Since bronchiolitis is a clinical diagnosis, there is no test, including viral testing and radiography, which rules it in or out (Schuh et al 2007). Sadly, despite multiple guidelines (NICE, AAP, CPS), there has also been no “magic bullet” in terms of treatment. Hypertonic saline has been tried for acute bronchiolitis. A systematic review of this treatment modality was covered on SGEM#157. The bottom line... Read More | Comment
Upvote Story 3
Improvements in acute respiratory distress syndrome (ARDS) outcomes in adults have been achieved along-side demonstration of the superiority of low-tidal volume ventilation, the relative advantage of a restrictive fluid strategy and the characterization of the main effectors of ventilator-induced lung injury. The heterogeneity of the group of patients defined as “ARDS” on pragmatic criteria is widely recognized. “Lumping” together patients with different ages, etiologies, time... Read More | Comment
Upvote Story 6
Margaret Parker, MD, MCCM, speaks with Stefanie G. Ames, MD, about the article “Hospital Variation in Risk-Adjusted Pediatric Sepsis Mortality,” published in the May 2018 issue of Pediatric Critical Care Medicine. Dr. Ames discusses study findings regarding the development of a method to evaluate hospital pediatric sepsis performance and how to assess hospital variation in risk-adjusted sepsis mortality in a large state-wide sample. Dr. Ames... Read More | Comment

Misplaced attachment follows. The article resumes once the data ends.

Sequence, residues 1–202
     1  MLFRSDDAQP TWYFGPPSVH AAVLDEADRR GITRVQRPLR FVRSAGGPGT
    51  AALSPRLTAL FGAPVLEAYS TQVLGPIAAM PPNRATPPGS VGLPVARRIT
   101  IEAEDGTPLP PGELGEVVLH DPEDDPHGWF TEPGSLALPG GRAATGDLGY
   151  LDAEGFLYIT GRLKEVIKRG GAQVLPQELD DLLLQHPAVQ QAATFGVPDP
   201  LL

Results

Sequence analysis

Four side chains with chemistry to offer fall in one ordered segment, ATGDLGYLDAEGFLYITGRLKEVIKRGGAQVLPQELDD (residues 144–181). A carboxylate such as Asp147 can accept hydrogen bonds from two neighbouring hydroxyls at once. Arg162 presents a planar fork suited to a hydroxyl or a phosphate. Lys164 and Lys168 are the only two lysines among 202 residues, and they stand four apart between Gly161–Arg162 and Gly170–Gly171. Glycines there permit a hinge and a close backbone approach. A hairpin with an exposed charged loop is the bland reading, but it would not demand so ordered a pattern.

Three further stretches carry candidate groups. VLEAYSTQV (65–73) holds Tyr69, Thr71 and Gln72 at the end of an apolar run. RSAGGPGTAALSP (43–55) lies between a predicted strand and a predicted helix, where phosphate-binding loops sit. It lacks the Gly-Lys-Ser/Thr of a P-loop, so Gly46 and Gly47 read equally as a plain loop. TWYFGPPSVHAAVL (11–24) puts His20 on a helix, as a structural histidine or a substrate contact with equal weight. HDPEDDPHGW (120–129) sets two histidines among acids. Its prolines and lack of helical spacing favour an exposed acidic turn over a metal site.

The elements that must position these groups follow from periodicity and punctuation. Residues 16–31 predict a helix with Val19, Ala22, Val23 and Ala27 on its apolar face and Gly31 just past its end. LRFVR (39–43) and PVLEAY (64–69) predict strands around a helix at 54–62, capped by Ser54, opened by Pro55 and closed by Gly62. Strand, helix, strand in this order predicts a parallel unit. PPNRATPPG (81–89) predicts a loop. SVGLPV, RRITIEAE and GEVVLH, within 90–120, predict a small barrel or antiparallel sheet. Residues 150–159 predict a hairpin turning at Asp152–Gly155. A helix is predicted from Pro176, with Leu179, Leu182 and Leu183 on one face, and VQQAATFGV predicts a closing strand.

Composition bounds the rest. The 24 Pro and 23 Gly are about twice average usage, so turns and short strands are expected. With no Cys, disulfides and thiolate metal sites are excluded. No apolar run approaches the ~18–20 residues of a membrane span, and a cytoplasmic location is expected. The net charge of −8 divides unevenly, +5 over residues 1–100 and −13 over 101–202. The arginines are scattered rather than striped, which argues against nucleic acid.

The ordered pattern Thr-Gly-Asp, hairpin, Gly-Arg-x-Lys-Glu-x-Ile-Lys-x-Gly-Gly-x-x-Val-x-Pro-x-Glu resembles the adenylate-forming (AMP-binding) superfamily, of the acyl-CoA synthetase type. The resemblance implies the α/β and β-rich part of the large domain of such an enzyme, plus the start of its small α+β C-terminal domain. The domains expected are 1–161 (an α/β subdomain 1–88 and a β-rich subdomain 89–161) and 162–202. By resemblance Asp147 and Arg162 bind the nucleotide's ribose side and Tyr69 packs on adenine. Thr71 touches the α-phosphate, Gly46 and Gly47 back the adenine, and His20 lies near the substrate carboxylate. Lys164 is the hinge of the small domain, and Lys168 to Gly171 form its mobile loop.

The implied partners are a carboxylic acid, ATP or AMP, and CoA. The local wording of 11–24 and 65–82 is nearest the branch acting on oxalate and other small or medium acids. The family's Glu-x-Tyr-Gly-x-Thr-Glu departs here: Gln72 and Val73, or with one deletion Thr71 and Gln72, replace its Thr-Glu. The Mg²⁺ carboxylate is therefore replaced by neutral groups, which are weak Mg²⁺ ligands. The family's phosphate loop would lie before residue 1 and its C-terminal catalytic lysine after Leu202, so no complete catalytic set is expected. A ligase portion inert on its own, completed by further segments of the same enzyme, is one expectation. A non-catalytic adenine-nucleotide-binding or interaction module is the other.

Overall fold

Upvote Story 9
While representing the cutting edge of civilization everywhere, mothers and their newborn infants are a population particularly vulnerable to sepsis.1 By recognizing the importance of antiseptic prophylaxis (handwashing), Ignaz Semmelweis directly confronted this particular human sepsis vulnerability and simultaneously codified maternal/neonatal sepsis and infection prevention. Accordingly he has been hailed as the “Defender of Motherhood.” However, despite this seminal discovery nearly 170 years ago, maternal/neonatal... Read More | Comment
Upvote Story 7
Aminophylline administration provided a measure of increased diuresis, regardless of dosage, and theophylline trough levels. Therefore, achieving a prescribed therapeutic trough level may not be necessary for full diuretic effect. Because, as opposed to the diuretic effect, the side effect profile of aminophylline is dose-dependent, low maintenance dosing may optimize the balance between providing adjunctive diuretic effect while minimizing the risk of toxicity. Patient cohort... Read More | Comment